When we test the slope of the regression line for significance, we are also testing the difference between the Caffeine and Placebo means for significance. Since (in the 2-group case) the F and t tests are equivalent, the regression ANOVA table is identical with the one-way ANOVA table we obtained before.

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**Dummy coding for the k-group case**

Since MSbetween has only four degrees of freedom, regression will predict the treatment means perfectly if the Score variable is regressed upon four dummy variables X1, X2, X3 and X4. As with the two-group example, an interesting equivalence emerges.

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**Dummy coding for the k-group case**

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**The one-way ANOVA statistics**

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**The regression statistics**

Same as the ANOVA value of F. We see that B0 is the Placebo mean and B1, B2, B3 and B4 are the differences between the means for the 4 drug conditions and the Placebo mean.

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In summary When the scores in the five-group drug experiment are regressed upon 4 dummy variables, The regression constant or intercept B0 is the Placebo mean. The partial regression coefficients are the differences between the drug conditions and the Placebo mean. The regression sum of squares is equal to the ANOVA between groups sum of squares.

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In summary … The t - tests of the regression coefficients are equivalent to the t-tests of the sums of squares associated with the four contrasts.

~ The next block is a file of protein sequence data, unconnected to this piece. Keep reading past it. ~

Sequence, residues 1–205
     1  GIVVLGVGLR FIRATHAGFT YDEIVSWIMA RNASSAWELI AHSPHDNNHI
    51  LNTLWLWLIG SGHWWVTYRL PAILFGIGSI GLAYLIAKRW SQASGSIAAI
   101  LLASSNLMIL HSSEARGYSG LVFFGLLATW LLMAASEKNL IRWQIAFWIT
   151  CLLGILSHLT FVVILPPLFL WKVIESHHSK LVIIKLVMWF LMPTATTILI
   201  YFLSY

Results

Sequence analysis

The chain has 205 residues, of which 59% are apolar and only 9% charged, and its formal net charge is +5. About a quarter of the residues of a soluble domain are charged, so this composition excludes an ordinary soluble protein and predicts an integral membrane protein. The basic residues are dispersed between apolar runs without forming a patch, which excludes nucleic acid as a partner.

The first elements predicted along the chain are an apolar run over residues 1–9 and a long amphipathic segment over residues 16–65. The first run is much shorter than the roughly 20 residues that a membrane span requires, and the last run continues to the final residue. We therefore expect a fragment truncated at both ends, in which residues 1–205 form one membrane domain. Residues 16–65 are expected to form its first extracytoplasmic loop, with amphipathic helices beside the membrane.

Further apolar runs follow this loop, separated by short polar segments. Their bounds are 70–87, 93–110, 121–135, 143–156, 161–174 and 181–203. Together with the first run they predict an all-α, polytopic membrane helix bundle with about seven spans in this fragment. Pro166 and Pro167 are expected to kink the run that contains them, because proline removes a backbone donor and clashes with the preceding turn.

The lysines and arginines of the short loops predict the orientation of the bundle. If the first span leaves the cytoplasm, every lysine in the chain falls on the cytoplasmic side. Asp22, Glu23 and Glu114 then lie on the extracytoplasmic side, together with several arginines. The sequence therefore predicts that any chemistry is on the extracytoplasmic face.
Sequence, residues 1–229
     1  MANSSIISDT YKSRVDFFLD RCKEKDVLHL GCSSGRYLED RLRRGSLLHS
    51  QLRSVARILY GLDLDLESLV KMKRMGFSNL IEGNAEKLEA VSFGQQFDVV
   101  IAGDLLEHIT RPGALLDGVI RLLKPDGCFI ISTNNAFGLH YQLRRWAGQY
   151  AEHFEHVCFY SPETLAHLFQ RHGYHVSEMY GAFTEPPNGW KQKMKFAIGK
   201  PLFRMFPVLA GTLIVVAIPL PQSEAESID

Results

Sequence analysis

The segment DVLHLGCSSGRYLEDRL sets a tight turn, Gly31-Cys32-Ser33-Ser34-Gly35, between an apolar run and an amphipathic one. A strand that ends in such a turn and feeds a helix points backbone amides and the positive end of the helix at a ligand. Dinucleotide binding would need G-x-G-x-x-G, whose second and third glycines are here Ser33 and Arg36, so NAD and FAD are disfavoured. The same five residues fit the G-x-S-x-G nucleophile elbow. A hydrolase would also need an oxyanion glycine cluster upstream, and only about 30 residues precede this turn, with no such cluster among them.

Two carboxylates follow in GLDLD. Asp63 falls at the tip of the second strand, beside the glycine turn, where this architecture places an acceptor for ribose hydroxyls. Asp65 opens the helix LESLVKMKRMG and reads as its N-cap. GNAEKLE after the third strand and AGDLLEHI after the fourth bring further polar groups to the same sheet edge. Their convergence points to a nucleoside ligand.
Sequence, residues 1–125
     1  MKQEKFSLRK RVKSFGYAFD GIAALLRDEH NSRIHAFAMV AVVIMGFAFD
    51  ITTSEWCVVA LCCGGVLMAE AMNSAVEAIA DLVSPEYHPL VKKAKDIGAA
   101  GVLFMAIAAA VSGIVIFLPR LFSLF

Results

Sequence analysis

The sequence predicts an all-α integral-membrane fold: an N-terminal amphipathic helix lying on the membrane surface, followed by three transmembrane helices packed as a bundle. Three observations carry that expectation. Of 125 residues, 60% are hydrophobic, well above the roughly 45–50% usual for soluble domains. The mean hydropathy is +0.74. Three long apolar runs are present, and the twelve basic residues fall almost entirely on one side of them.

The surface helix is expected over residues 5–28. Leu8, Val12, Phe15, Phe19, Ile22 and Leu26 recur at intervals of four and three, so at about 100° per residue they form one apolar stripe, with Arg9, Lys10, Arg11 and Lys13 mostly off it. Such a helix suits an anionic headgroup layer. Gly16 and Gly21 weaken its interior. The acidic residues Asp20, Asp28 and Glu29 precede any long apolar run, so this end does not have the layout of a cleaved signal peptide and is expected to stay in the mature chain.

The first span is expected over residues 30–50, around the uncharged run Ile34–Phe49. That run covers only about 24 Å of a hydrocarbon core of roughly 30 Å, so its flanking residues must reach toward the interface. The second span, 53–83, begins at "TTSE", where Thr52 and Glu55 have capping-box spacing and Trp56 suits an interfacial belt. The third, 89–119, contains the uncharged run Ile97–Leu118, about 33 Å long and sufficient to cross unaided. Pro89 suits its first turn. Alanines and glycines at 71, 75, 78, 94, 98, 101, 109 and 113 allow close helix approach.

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Eta squared Returning to the one-way ANOVA, recall that eta squared (also known as the CORRELATION RATIO) is defined as the ratio of the between groups and within groups mean squares. It’s theoretical range of variation is from zero (no differences among the means) to unity (no variance in the scores of any group, but different values in different groups). In our example, η2 = .447

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Eta squared revisited If the scores from a k – group experiment are regressed upon k – 1 dummy variables, the square of the multiple correlation coefficient R is the proportion of variance of the scores accounted for by differences among the treatment means. Eta squared is R2, which I think is why it is also termed the ‘correlation ratio’.

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Formula for SSψ We can think of a contrast sum of squares as the between treatments variability that is accounted for by a particular contrast. The sums of squares for orthogonal contrasts add up to the ANOVA between groups sum of squares.

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**The contrast sum of squares revisited**

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Building bridges In these two sessions, in addition to revising (and adding to) some material with which you are already familiar, I have tried to demonstrate some striking equivalences between techniques which many think of as having quite different contexts and purposes.

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**Assignment before noon on Wednesday 31st October.**

Please complete the project and hand it in to Anne before noon on Wednesday 31st October. I shall return your answers (with comments) by Wednesday 7th November.